Re-EDucation, or Re-ED, is a systematic approach to working with children who have mental health and behavioral issues. Re-ED focuses on discovering and building upon the existing strengths of children – not dwelling on their weaknesses or deficiencies so that these positive attributes will ultimately occupy more of their being.
The success of the Re-ED model, in particular, is rooted in the abilities of dedicated teacher-counselors to build trusting relationships with students – relationships that inspire confidence, hope, empathy and resiliency.
When asked to describe the Re-ED philosophy, Dr. Nicholas Hobbs, its architect, identified these 12 principles:
- Life is to be lived now, not in the past, and lived in the future only as a present challenge.
- Trust between the child and adult is essential, the foundation on which all other principles rest, the glue that holds teaching and learning together; the beginning point for re-education.
- Time is an ally, working on the side of growth in a period of development when life has a tremendous forward thrust.
- Competence makes a difference; children and adolescents should be helped to be good at something, and especially at schoolwork.
- Self-control can be taught and children and adolescents helped to manage their behavior without the development of psychodynamic insight; symptoms can and should be controlled by direct address, not necessarily by an uncovering therapy.
- The cognitive competence of children and adolescents can be considerably enhanced; they can be taught generic skills in the management of their lives as well as strategies for coping with the complex array of demands placed on them by family, school, community, or job; in other words, intelligence can be taught.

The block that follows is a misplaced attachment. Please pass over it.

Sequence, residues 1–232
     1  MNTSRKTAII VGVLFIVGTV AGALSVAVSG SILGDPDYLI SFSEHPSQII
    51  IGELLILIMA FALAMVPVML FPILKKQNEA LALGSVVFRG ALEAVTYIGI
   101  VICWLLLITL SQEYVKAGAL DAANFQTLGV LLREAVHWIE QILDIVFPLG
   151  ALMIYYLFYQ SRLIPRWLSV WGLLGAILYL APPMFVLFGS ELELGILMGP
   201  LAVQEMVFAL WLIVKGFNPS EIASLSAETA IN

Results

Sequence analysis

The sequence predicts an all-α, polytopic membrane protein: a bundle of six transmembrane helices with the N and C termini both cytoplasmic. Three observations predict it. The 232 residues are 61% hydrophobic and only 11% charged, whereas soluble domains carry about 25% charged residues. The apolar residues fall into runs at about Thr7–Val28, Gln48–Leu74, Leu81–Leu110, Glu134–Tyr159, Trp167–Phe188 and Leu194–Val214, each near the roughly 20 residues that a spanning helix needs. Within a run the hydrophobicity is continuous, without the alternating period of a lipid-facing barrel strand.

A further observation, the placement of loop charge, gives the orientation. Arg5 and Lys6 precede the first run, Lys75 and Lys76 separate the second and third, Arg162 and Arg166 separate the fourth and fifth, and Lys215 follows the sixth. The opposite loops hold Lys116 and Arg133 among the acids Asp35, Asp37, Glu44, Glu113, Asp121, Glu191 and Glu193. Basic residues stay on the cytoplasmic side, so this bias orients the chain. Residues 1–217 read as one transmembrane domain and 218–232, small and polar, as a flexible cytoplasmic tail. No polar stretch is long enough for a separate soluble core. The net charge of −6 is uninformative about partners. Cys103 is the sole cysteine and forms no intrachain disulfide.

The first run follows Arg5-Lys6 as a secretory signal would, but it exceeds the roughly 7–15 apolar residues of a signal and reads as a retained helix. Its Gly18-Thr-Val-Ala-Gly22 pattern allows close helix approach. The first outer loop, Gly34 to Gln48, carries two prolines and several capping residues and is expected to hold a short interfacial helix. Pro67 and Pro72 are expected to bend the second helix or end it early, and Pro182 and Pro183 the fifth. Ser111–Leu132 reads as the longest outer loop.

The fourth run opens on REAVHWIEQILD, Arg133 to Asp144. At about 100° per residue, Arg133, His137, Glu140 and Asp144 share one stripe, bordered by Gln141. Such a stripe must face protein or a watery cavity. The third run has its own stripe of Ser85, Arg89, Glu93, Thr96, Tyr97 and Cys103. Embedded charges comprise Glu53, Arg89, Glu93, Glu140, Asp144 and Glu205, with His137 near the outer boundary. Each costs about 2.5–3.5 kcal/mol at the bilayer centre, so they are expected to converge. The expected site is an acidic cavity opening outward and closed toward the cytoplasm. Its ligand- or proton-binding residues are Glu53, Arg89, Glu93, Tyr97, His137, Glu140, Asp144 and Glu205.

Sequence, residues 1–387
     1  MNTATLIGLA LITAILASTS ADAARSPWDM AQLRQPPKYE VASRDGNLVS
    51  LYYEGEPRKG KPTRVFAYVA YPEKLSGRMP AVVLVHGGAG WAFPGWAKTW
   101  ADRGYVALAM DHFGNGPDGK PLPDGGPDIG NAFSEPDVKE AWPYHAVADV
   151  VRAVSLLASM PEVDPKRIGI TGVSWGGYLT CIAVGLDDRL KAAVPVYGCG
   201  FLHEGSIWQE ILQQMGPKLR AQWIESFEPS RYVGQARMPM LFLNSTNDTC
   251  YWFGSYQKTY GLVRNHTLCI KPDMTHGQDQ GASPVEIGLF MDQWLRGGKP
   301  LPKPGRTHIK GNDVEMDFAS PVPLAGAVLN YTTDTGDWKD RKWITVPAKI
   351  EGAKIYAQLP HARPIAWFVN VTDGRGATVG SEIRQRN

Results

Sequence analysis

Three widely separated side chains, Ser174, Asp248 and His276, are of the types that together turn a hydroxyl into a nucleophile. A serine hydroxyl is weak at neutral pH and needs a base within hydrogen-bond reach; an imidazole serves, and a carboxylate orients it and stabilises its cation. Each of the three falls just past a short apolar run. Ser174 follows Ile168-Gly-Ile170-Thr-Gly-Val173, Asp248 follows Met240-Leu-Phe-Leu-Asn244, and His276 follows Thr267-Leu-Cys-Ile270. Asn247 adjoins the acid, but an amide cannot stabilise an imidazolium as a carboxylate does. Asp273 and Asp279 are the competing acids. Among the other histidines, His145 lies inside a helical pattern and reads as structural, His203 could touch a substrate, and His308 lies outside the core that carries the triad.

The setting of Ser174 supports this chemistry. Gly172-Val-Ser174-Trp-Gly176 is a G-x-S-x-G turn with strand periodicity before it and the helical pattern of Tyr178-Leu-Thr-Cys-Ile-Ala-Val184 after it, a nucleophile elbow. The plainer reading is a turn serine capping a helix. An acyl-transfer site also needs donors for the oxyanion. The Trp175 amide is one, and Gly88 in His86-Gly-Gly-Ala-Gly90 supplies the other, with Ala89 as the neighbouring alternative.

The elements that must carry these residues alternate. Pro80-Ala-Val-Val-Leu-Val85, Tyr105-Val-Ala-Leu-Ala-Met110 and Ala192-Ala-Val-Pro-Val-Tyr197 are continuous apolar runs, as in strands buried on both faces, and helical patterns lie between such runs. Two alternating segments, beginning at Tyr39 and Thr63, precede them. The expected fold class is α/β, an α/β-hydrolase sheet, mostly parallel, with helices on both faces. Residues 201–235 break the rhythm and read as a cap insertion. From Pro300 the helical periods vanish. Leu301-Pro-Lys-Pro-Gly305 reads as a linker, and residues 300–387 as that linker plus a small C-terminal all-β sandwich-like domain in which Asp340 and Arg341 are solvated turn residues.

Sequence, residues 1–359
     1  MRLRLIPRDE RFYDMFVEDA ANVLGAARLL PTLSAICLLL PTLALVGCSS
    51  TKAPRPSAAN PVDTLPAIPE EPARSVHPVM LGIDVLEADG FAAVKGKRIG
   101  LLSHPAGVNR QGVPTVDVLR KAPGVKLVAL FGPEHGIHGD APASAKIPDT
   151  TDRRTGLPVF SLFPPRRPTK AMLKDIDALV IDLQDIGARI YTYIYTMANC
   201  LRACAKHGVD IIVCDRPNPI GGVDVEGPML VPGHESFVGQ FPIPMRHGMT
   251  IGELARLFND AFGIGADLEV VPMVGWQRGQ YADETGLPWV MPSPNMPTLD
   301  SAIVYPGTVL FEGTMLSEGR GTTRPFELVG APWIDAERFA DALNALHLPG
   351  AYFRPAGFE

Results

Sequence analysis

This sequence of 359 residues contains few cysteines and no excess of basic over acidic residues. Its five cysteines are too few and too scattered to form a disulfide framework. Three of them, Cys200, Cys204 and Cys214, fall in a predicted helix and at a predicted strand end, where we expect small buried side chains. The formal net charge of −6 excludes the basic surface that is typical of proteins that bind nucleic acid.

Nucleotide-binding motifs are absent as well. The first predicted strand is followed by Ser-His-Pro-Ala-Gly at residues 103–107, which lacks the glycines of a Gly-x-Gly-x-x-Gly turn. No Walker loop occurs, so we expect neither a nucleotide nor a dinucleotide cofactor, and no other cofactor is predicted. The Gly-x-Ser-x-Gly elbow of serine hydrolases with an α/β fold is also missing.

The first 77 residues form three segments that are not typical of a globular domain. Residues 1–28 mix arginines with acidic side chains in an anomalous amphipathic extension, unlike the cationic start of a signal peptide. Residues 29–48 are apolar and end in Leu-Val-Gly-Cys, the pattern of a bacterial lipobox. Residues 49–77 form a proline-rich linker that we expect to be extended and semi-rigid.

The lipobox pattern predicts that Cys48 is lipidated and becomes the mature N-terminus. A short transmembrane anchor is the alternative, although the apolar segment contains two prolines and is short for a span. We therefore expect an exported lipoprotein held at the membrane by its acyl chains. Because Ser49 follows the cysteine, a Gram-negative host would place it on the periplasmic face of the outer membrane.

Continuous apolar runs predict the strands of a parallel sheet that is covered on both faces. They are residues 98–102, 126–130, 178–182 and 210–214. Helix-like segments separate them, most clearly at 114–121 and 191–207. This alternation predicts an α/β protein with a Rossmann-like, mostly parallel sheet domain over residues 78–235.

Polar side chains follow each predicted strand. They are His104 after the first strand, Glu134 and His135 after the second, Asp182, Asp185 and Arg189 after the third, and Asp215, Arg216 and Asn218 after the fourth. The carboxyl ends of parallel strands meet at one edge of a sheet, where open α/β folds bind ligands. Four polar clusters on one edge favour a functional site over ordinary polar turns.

- Feelings should be nurtured, shared spontaneously, controlled when necessary, expressed when too long repressed, and explored with trusted others.
- The group is very important to young people; it can be a major source of instruction in growing up.
- Ceremony and ritual give order, stability, and confidence to troubled children and adolescents, whose lives are often in considerable disarray.
- The body is the armature of the self, the physical self around which the psychological self is constructed.
- Communities are important for young children and youth, but the uses and benefits of community must be experienced to be learned.
- In growing up, a child should know some JOY in each day, and look forward to some joyous event for the morrow.
Re-ED is a state of heart as much as a state of mind – as much spiritual as it is intellectual. That’s how Dr. Frank Fecser, who served as PEP’s CEO for two decades, characterizes Re-ED.
“It begins with an attitude of unconditional caring – not just for troubled and troubling children, but for all people,” Fecser once wrote. “It incorporates a sense of limitless hope sprinkled with naiveté and energized by boundless enthusiasm. When it comes to children, Re-ED is blind in one eye and has stars in the other. Re-ED never says never. Re-ED is not good at finding the disease or sickness or weakness in people. Re-ED targets personal strengths and builds on them. Re-ED sizes up what’s working, what’s resilient, and then nurtures that part so that it takes up more and more space in a child’s life.”